Governor bans indoor dining in Chicago as virus cases surge

  • FILE - In this Sept. 21, 2020, Illinois Gov. J.B. Pritzker speaks in Springfield, Ill. (Justin L. Fowler/The State Journal-Register via AP)

    FILE - In this Sept. 21, 2020, Illinois Gov. J.B. Pritzker speaks in Springfield, Ill. (Justin L. Fowler/The State Journal-Register via AP) Associated Press

  • FILE - In this Sept. 21, 2020 file photo, Illinois Governor JB Pritzker lowers his head as Illinois Department of Public Health Director Dr. Ngozi Ezike announces seven additional deaths due to COVID-19 during a press conference in Springfield, Ill. While battling a recalcitrant coronavirus pandemic, Gov. J.B. Pritzker on Wednesday, Oct. 21, 2020, started laying plans for distributing a safe and effective vaccine. (Justin L. Fowler/The State Journal-Register via AP)

    FILE - In this Sept. 21, 2020 file photo, Illinois Governor JB Pritzker lowers his head as Illinois Department of Public Health Director Dr. Ngozi Ezike announces seven additional deaths due to COVID-19 during a press conference in Springfield, Ill. While battling a recalcitrant coronavirus pandemic, Gov. J.B. Pritzker on Wednesday, Oct. 21, 2020, started laying plans for distributing a safe and effective vaccine. (Justin L. Fowler/The State Journal-Register via AP) Associated Press

 
 
Updated 10/27/2020 8:35 PM

SPRINGFIELD, Ill. -- Surging COVID-19 cases in Chicago prompted Gov. J.B. Pritzker on Tuesday to ban indoor dining and bar services and limit the number of people gathering in one place.

However, Chicago Mayor Lori Lightfoot says she isn't sure Pritzker's new restrictions are targeting the right people and worries that they will adversely affect the city's economy.

                                                                                                                                                                                                                       
 

The rules taking effect Friday will force diners and bar patrons outdoors and shut down service at 11 p.m. in the nation's third-largest city. No more than 25 people may gather at one time, or fewer if that number would exceed 25% of room capacity.

'úWe can't ignore what is happening around us, because without action, this could look worse than anything we saw in the spring,'Ě Pritzker said, referring to the start of the pandemic, when health care resources were pushed to the limit because of the overwhelming number of COVID-19 cases.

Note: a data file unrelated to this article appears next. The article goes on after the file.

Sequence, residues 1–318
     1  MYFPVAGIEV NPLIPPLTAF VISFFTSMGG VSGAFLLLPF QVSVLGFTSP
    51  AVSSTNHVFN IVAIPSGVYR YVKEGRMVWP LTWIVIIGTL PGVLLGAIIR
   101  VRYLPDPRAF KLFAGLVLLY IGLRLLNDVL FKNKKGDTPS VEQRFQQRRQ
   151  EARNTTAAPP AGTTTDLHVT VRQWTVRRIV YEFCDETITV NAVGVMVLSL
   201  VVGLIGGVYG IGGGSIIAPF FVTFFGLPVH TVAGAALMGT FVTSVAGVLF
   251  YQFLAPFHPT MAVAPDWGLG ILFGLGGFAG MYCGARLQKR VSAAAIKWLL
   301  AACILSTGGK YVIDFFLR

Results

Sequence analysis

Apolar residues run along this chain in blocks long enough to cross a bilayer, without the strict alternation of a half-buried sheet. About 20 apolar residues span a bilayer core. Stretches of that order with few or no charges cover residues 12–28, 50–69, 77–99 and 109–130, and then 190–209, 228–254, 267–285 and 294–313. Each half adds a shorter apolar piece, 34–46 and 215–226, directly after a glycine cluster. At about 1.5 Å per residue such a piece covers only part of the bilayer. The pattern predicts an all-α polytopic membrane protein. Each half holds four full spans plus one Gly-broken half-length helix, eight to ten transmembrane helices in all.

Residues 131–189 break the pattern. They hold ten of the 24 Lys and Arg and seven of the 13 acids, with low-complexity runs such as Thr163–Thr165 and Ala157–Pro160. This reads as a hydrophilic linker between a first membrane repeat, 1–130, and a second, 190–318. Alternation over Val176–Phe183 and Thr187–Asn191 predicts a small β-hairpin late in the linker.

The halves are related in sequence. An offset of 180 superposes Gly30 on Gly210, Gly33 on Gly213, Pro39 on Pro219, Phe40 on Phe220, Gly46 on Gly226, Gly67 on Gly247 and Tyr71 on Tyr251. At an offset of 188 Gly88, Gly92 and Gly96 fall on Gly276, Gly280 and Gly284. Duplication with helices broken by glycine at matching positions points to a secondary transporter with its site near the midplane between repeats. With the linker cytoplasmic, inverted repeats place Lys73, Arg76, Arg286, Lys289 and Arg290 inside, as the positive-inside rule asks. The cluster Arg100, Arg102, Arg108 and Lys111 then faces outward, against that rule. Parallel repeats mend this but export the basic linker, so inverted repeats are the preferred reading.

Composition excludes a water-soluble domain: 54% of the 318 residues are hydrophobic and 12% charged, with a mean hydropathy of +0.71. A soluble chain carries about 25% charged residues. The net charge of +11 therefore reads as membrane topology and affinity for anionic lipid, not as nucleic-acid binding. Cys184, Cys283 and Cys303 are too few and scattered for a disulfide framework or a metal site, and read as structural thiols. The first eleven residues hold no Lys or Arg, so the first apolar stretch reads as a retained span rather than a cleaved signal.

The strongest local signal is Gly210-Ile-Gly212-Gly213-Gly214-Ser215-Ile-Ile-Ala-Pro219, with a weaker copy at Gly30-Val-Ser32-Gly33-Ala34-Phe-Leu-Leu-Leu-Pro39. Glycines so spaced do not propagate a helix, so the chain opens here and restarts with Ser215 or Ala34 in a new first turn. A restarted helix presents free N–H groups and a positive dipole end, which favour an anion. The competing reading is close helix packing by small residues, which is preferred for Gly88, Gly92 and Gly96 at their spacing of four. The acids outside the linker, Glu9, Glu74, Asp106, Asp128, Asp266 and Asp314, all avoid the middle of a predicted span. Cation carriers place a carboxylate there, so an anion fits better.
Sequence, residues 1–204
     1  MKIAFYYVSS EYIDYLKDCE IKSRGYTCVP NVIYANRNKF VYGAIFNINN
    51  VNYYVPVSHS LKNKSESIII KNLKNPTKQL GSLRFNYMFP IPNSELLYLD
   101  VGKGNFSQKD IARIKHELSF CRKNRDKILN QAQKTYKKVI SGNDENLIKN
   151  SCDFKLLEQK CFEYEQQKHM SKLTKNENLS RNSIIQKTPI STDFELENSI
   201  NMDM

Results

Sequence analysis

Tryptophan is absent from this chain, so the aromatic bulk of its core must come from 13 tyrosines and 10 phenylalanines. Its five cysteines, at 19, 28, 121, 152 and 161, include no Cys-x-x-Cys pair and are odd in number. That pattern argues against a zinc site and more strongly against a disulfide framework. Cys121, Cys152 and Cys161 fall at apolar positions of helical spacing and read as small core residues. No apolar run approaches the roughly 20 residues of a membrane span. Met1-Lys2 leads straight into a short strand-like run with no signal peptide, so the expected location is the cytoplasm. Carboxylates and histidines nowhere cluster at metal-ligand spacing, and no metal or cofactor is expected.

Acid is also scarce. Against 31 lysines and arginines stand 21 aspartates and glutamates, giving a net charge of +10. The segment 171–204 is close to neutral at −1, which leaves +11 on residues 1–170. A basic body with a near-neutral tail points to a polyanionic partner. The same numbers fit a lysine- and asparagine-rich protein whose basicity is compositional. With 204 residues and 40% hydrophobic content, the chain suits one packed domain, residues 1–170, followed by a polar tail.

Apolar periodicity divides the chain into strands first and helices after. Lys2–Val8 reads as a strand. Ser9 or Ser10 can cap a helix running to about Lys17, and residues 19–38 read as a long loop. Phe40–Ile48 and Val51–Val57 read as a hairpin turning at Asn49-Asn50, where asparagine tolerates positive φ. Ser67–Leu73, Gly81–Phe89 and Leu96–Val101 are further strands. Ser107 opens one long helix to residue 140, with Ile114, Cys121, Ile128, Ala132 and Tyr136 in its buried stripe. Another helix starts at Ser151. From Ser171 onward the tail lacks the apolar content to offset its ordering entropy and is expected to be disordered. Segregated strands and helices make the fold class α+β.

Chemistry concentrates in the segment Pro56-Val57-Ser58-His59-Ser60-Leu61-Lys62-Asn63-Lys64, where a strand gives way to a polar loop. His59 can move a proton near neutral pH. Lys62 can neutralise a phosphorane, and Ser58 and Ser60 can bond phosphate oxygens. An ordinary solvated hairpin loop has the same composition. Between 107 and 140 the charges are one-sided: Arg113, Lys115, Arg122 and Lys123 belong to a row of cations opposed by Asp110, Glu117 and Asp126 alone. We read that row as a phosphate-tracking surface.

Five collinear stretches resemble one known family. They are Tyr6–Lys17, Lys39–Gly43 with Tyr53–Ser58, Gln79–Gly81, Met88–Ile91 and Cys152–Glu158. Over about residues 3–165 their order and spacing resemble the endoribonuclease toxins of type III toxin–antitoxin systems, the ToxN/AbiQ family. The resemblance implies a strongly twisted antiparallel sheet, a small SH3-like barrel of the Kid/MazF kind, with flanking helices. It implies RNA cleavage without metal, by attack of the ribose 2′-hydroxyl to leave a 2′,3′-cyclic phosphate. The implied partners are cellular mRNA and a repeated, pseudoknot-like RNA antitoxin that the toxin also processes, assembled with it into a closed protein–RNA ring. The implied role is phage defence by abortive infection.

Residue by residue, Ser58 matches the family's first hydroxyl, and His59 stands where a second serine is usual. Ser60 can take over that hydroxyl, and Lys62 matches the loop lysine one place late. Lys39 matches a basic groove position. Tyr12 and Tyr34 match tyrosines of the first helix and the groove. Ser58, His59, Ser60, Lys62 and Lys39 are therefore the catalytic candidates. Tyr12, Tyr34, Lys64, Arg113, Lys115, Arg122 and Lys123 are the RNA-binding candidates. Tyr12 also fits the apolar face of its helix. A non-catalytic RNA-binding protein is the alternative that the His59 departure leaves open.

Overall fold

Chicago, which comprises Region 11 of the state's 11 COVID-19 monitoring regions, joins six other regions subject to what the Pritzker administration calls 'úresurgence mitigations.'Ě A day earlier, Pritzker imposed the restrictions on Region 10, Cook County outside of Chicago and Lake County to the north.

Lightfoot told PBS NewsHour that the greatest challenge the city faces is getting people to follow necessary health protocols at home, where social settings vary and are more difficult to regulate.

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'úIf the governor's order goes into effect, it's really effectively shutting down a significant portion of our economy at a time when those same businesses are really hanging on by a thread,'Ě Lightfoot said. 'úSo we're going to continue our engagement of the governor of his team, but it's not looking good.'Ě

After a summer of declining case numbers - Illinois fared better than many other states, particularly in the South and West - they began climbing again in August and jumped precipitously this month. There were 4,000 new infections and 46 additional deaths Tuesday, bringing total cases to 382,985 with 9,568 deaths.

There were 2,758 hospitalized, an 86% increase from a month ago, and both intensive care patients at 595 and the 241 on ventilators represented increases in the 70% range.

Other regions which hit the mitigation bar did so when positive rates of COVD-19 test results topped 8% for three consecutive days. Dr. Ngozi Ezike, the state public health director, said the latest additions, Cook County on Monday and Chicago on Tuesday, have seen the troubling rise in numbers of sick people requiring inpatient treatment as well as a jump in positive test results.

                                                                                                                                                                                                                       
 

'úBased on current trends, we soon could face reduced hospital bed availability and overwhelming our health care systems," Ezike said.

Earlier Tuesday, Dr. Allison Arwady, commissioner of the Chicago Department of Public Health, predicted the action taken by the governor, pointing out that while COVID-19 is not as prevalent in Chicago as during the pandemic's early days in March, the number of confirmed cases is doubling every nine days.

'úCOVID is widespread here in Chicago, and we need you to double down on the things that you know work,'Ě Arwady said. 'úPlease as much as you can, if there are interactions you're having that are not essential, back off on those.'Ě

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Associated Press writer Kathleen Foody contributed from Chicago.

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Follow Political Writer John O'Connor at https://twitter.com/apoconnor

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